Being politically active, for Hannah Zimmerman, means so much more than just supporting a candidate come Election Day.
As the youngest person to ever sit on the National Credentials Committee at the Democratic National Convention, she was able to experience firsthand the ups and downs of running a campaign for a presidential election. She strives to spark progressive change, especially among the younger voting demographic, and is devoted to organizing and fighting for a better future for all.
College: Stanford University
Majors: Public Policy / Economics
Expected Graduation: Spring 2021
What motivated you to become so involved with politics at such a young age?
Bernie Sanders motivated me to become involved in politics. His policies, his way of thinking and speaking about important issues and his general attitude towards politics motivated me to take action. I stayed active after his presidential campaign ended because of the people I met on the Bernie campaign trail. These organizers didn’t get paid for the work they did, but organized simply because they loved the cause. Admirably, they still organize today for causes such as transitioning into a universal healthcare system in the United States, raising the minimum wage to $15, and making public college free for all. And I still stand with them.
How has working toward making political change affected your life?
In my yearbook, a student described me as the “happy warrior of socialism.” This is funny because two years ago, I was stumbling around lost — but through politics I have found my passion and I have found a direction.
Working in the revolution, I can be on the frontlines to bring positive change to my country and the world around me. I can help working-class people and disenfranchised minorities. I can bring opportunities to young people who may not have otherwise had them. In addition, I am surrounded by many wonderful political friends I have made in my work who bring me so much joy.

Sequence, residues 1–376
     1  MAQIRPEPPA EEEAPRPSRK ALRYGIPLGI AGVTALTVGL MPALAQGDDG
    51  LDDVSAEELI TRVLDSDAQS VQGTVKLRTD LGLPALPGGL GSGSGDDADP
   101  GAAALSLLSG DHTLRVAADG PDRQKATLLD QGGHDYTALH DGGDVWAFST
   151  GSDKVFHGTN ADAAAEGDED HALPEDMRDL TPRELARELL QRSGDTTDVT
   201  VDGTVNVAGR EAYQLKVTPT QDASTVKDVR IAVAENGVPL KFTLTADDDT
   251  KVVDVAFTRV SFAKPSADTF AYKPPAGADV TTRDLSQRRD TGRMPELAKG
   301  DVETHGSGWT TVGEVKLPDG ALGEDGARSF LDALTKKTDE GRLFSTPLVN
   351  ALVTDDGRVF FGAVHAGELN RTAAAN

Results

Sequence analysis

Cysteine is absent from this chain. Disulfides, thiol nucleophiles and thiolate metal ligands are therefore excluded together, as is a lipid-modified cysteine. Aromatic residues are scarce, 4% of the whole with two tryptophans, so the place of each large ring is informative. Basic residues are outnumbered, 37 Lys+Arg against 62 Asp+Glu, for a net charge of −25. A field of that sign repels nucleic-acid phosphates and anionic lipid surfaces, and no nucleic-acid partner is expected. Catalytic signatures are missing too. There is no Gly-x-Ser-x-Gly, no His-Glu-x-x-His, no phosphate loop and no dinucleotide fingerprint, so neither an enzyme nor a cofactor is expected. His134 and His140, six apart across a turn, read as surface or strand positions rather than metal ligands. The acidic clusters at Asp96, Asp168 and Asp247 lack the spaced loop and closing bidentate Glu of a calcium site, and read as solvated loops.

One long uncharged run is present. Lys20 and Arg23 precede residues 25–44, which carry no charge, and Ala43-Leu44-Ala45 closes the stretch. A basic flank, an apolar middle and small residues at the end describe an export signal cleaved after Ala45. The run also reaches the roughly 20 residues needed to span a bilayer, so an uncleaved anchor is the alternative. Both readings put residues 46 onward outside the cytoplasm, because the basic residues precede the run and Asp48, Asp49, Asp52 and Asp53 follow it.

What has been the most difficult part of being such a young trailblazer in the political world?
The part I find most difficult is the same for many political veterans: navigating the current hostility and divisiveness in politics. Everyone knows about the left-right acrimony, but people pay less attention to the schism within the Democratic Party. I believe the 2018 Democratic platform brings us closer together, but my fight is for the Democrats to go further and create a progressive economic strategy that appeals to working-class people, youth and other disenfranchised Americans. If the Democrats do this, there will a more constructive approach and less antipathy in Washington. I’d rather light a candle than curse the darkness – we need millions of new Democratic lights.
What was the most motivating part of working on a presidential campaign?
I represented the Bernie Sanders campaign as the youngest person ever to have sat on the National Credentials Committee at the Democratic National Convention.